She said: "There’s lorries broken down all over the road across all lanes. Drivers are having to work out themselves how to go round them. Sort of bobbing and weaving round them.
"I’m just tired and upset at the lack of any direction from authorities. We’ve all sort of been left to it to direct ourselves."
"It honestly feels never-ending at this point."
Greater Manchester Police said ploughing and gritting on the M62 had been "severely delayed" by some motorists illegally using the hard shoulder and closed lanes.
According to the RAC, "the situation was made worse" by drivers overtaking other vehicles and getting stuck in fresh snow.
Staffordshire police said the army, police officers, paramedics and firefighters are dealing with multiple vehicles stuck in deep snow on the A53 and A523 near Leek.
A major incident has not been declared in Staffordshire, although the situation remains serious, police say.
Heavy traffic has also been seen in Northern Ireland, with the Police Service of Northern Ireland having warned people to only travel if their journey is essential.
NIE Networks, which handles power infrastructure, meanwhile, said the weather had caused severe disruption to supply and crews were working hard to restore supply.
Almost 200 schools have had to close in Northern Ireland. You can read the full list here.
Where was the worst of the weather expected?
The Met Office had a number of warnings in place for snow and ice, including an amber warning covering northern England and the Midlands until midday.
Four yellow warnings for snow also covered much of the rest of the nation, with the exception of south-east England and western Scotland.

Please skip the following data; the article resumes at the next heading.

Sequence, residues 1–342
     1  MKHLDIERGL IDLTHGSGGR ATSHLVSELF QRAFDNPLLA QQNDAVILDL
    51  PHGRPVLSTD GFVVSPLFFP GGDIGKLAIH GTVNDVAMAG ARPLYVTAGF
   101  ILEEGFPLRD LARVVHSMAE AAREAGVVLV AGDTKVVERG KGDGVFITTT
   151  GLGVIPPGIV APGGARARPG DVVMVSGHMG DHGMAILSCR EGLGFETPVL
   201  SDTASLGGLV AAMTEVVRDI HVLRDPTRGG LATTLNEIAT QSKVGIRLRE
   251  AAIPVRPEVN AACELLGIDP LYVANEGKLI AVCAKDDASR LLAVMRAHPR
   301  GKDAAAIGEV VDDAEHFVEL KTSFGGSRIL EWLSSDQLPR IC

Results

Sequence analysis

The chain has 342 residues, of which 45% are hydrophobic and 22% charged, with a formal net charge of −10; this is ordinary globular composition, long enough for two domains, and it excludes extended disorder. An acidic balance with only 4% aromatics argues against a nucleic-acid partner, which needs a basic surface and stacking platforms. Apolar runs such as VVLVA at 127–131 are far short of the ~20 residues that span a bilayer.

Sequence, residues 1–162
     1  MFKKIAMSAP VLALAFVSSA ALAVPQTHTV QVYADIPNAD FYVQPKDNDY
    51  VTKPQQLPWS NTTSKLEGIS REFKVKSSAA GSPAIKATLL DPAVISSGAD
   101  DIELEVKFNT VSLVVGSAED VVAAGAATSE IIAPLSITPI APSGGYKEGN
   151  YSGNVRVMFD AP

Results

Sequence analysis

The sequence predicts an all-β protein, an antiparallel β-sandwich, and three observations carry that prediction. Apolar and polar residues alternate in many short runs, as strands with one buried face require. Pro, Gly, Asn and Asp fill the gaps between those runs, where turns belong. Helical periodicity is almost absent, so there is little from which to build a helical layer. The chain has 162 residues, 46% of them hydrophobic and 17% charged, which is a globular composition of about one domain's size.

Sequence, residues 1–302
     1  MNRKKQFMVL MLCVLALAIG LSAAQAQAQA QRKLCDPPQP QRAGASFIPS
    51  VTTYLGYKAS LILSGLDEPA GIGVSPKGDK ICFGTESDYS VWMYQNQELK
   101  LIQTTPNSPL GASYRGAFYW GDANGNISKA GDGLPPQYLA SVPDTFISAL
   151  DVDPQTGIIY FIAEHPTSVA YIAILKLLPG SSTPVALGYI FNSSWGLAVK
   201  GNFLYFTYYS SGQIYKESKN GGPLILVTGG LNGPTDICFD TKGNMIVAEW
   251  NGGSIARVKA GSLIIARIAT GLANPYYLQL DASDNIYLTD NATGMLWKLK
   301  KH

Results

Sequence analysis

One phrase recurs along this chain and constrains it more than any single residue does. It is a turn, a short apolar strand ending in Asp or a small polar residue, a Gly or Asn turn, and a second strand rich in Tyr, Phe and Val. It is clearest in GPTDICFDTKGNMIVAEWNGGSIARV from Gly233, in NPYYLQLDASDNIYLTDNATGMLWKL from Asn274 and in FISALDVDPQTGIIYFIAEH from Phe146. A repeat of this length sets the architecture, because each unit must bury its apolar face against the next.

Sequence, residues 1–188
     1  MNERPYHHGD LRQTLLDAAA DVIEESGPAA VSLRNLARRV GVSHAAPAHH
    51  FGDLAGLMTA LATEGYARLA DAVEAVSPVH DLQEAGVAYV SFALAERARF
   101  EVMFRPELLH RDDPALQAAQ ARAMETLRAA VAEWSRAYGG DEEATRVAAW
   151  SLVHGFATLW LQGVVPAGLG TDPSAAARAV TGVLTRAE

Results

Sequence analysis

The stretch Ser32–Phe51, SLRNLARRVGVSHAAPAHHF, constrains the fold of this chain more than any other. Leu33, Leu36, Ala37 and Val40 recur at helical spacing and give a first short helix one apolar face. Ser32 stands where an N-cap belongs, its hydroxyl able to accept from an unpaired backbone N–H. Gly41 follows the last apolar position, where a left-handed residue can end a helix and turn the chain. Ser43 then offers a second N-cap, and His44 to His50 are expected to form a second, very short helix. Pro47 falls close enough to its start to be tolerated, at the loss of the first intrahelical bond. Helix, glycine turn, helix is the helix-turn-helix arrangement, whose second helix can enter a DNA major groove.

A low of -13.6C was recorded in Altnaharra, Sutherland, in the Highland region of northern Scotland overnight.
The Met Office said the greatest depth of snow recorded was 27cm at Capel Curig in North Wales.
Met Office meteorologist Alex Burkill earlier said that a pocket of western Scotland covering Glasgow and the county of Argyll may be the only region untouched by heavy rain and snow over the next 24 hours.
In the worst affected areas on Friday, the winds whipped up to 50mph. Accompanied by 40cm of snow, it led to blizzard conditions.
People in the south of England are likely to experience the worst of the rain.
Great Yarmouth Borough Council has set up temporary accommodation and readied evacuation plans for those whose homes are at risk of falling into the sea.
It came after two households on a crumbling coastline in Hemsby, Norfolk, fled their homes in fear after damaging high tides and strong winds.
Describing the situation at the seafront, Keith Kyriacou, chairman of Hemsby Parish Council, said: "It’s pretty miserable down there. There’s been people evacuated from their homes. It’s not looking very good at all."